In the interview, he talks about his status, his motives, his critics, and what he wanted to accomplish with his testimony.
So much has transpired in the past 12 months that it seems almost like years ago, but it was in April of 2018 that the story of little Alfie Evans was reaching its denouement. Alfie was a 23-month-old boy in the U.K. who had an undiagnosed degenerative neurological condition that led to him being in a vegetative state, putting his parents in the position of fighting for his life against Alder Hey hospital, where doctors wanted to remove the boy from mechanical life support and allow him to die. Doctors insisted that most of Alfie’s brain had been destroyed by his condition and argued that he could not breathe on his own. Alfie’s parents wanted to remove him from the hospital to seek second opinions and alternative treatment but were legally stopped from doing so by a British court that seemed heavily biased in favor of euthanizing the boy.
In the midst of the highest point of the drama, just days before Alfie’s tragic and suspicious death, Italian Catholic website La Nuova Bussola Quotidiana (LNBQ) published a cell phone video the publication claims captured a conversation between “at least 3-4 unidentified members of the Alder Hey Hospital staff” apparently discussing Alfie’s situation and questioning the hospital’s decision-making in conspiratorial tones.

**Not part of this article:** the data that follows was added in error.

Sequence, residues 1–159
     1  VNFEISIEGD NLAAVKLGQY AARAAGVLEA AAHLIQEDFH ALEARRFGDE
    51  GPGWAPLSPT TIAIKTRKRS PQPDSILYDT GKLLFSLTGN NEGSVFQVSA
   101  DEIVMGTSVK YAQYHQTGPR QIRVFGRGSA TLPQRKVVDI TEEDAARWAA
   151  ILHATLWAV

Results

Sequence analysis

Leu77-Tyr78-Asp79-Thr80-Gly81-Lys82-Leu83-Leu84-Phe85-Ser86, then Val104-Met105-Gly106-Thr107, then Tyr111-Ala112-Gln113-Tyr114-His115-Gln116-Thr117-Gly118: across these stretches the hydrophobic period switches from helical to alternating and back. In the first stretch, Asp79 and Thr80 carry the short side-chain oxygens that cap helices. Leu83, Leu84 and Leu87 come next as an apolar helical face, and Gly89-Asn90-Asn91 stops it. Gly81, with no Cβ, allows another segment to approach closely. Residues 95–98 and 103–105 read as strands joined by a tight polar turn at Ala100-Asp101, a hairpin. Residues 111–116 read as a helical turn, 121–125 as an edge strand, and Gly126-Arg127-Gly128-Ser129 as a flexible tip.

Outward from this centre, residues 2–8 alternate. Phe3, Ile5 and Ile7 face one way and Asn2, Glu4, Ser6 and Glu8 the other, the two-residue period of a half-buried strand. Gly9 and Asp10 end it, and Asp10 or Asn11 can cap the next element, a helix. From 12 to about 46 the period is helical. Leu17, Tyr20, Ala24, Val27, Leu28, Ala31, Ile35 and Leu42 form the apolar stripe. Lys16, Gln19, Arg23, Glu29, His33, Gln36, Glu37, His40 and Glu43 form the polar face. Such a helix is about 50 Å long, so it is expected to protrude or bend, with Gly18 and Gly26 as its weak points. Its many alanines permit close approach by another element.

At one point, a man says, “I’m not supposed to be talking about it, ladies. I’ll get myself into trouble. Or…’cause…I am who I am. Basically. I personally think that this hospital is covering something up big.”
Proving once again that positive stories about Catholic culture, devotions, and tradition have perennial appeal, this simple explanation of the annual tradition of chalking the doors for Epiphany, co-written by my wife Jamie and myself, has landed near the top of the charts since it first appeared in 2016. With over 55,000 page views in 2018 alone and nearly 50,000 Facebook shares, it is one of the all-time most popular posts ever published at 1P5.
Sometimes, it’s the little things that resonate most.
Proving once and for all that the Viganò story was the story of the year, the number-one post for all of 2018, with over 66,000 views, is this story from Aldo Maria Valli on how the Viganò testimony came to be.